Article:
Travelers whizzing along Route 17 — perhaps on their way to or from hikes in Harriman or Sterling Forest State parks — may have noticed that a portion of the road in Rockland County is now named the Thurgood Marshall Memorial Highway. Certainly, America’s first African American Supreme Court justice is worthy of the honor, but why this particular stretch of pavement?
The answer: It runs through a community where he played a prominent role in ending a longstanding injustice. (It also turns out the road helped settle the issue.)
Then a lawyer with the NAACP, Marshall came to Hillburn in 1943 to represent parents of African American children seeking to end school segregation. While all white and several dozen African American students attended the modern Main School, the majority of African American youth and no whites were taught at the substandard Brook School, which lacked indoor plumbing as well as a library and adequate playground facilities. The district maintained that children were assigned to the schools solely based on geography. Marshall contended that the boundary line had been drawn to establish segregation, which New York had abolished in schools in 1938.
Marshall drafted a petition to the state Commissioner of Education requesting an end to Hillburn’s segregation. Before receiving news of his decision, in September 1943, Brook School parents tried to enroll their children in the Main School (which was large enough to accommodate all of the district’s students). When the district refused, they boycotted by pulling their children out of classes — and were each fined $10 for truancy. However, the district did agree to abide by the state commissioner’s verdict. Received on October 12, it stated:
“It appears that the effect of the present line drawn by the board of education between the Brook School zone and the Main School zone is to maintain the Brook School entirely for Negro children. A slight revision of this dividing line, through the utilization of State Highway 17 as a boundary line for the full length of the district, would remove the issue of segregation…”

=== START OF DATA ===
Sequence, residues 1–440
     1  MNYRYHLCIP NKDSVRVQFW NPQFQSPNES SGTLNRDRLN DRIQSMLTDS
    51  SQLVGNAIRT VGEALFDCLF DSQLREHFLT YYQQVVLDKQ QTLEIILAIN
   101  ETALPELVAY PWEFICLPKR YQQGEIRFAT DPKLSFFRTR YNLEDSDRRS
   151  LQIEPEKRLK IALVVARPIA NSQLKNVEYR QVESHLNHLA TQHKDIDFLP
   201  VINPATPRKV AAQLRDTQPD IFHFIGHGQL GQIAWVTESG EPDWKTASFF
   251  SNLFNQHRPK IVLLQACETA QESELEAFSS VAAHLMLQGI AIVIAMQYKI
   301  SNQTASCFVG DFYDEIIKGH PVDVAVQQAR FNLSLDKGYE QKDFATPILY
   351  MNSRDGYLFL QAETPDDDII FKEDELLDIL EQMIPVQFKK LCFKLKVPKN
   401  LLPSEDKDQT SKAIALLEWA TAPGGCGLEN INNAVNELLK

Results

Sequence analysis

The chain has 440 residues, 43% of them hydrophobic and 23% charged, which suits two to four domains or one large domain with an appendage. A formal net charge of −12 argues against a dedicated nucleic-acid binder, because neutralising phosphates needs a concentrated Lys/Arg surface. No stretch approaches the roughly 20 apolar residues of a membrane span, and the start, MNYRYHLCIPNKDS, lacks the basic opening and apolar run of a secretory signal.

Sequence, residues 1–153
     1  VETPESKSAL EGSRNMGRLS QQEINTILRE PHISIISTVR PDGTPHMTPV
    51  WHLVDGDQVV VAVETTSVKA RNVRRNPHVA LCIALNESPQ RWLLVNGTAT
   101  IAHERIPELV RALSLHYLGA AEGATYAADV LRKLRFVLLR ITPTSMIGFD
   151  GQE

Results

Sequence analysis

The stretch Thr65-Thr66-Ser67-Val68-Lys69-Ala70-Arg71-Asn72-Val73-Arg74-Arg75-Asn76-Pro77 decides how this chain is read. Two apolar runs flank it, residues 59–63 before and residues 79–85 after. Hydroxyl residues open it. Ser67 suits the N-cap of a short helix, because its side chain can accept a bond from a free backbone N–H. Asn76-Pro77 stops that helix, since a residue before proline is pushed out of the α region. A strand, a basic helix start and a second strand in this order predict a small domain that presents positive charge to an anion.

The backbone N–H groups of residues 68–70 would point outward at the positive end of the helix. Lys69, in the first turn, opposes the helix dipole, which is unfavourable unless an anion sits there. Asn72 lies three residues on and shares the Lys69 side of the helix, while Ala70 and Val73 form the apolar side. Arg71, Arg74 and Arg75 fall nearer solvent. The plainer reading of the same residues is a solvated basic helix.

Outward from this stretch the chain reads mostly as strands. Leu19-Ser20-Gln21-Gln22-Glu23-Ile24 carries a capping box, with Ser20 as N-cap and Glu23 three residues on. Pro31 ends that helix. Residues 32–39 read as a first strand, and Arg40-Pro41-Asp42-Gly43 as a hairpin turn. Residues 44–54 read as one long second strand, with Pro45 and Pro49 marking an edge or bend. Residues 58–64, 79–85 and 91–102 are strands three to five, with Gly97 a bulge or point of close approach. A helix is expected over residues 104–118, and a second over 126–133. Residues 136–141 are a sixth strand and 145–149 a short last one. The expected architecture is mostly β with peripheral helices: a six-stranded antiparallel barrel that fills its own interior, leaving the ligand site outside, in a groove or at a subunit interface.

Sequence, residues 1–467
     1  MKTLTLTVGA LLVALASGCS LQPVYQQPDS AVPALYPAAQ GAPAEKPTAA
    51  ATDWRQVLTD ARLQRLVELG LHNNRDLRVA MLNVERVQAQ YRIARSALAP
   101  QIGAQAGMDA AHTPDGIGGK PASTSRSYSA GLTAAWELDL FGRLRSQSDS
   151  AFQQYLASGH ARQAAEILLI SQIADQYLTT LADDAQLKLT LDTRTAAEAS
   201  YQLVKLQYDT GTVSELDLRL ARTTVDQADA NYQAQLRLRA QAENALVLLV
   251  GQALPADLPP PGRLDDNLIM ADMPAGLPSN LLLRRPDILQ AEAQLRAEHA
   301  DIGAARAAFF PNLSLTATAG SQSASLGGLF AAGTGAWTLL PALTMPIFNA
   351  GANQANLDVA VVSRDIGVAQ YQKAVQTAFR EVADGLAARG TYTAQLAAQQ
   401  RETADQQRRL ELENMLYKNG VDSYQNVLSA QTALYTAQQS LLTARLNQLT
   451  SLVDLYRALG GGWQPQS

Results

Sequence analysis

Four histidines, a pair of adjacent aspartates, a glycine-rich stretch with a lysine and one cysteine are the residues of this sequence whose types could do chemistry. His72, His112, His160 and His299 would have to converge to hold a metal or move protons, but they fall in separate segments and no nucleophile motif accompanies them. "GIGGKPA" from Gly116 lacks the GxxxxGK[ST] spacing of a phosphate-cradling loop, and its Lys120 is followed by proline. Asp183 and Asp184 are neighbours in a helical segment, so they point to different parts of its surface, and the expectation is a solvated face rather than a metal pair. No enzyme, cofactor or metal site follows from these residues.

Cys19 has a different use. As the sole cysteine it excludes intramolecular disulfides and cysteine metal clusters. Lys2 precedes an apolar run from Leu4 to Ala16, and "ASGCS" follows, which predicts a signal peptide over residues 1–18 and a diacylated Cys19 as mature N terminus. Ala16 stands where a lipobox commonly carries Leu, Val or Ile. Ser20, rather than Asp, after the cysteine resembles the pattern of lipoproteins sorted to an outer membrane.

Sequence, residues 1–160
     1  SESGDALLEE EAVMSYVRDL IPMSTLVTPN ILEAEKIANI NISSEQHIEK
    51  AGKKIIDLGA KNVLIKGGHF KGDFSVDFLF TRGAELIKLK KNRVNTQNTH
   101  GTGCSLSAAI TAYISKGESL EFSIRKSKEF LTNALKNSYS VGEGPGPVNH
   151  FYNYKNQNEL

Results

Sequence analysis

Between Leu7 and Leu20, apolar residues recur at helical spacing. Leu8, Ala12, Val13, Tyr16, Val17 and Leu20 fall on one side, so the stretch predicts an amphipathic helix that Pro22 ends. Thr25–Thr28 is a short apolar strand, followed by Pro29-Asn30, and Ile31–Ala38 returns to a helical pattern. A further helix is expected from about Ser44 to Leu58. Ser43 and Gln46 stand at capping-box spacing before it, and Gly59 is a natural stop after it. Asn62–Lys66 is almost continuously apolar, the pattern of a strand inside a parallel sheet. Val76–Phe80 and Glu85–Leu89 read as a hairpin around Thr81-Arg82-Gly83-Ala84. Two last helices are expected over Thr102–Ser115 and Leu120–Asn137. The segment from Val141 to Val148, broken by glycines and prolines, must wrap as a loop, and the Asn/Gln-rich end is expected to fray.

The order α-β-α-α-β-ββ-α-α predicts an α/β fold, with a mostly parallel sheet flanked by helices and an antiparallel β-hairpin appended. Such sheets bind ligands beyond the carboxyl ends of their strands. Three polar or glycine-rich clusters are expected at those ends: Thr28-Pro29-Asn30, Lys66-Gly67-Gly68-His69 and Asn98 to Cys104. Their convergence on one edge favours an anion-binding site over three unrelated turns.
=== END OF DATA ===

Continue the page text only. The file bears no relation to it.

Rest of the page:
The Brook children entered their new school on October 18. In many ways, it was a hollow victory — most white parents immediately pulled their children out of Main and sent them to nearby private schools. But as one local historian writes, “Slowly the white children returned. There also began an almost immediate healing that has continued to the present as young and old alike found that it was possible to live, work and play together.”
A decade later, following Thurgood Marshall’s forceful arguments, the U.S. Supreme Court rendered a unanimous verdict in Brown v. Board of Education of Topeka —declaring that racial segregation in America’s public schools was unconstitutional.
Along with the renamed section of Route 17, a plaque outside the Main School, today the administrative building for the Suffern Central School District, describes Marshall’s local and national legacy in the Civil Rights movement.
In his stirring speech accepting the prestigious Liberty Award on July 4, 1992, Marshall noted the limits of the law to end inequality:
“The legal system can force open doors and sometimes even knock down walls. But it cannot build bridges. That job belongs to you and me. Afro and White, rich and poor, educated and illiterate, our fates are bound together. We can run from each other but we cannot escape each other. We will only attain freedom if we learn to appreciate what is different and muster the courage to discover what is fundamentally the same. America’s diversity offers so much richness and opportunity. Take a chance, won’t you? Knock down the fences that divide. Tear apart the walls that imprison. Reach out, freedom lies just on the other side. We should have liberty for all.”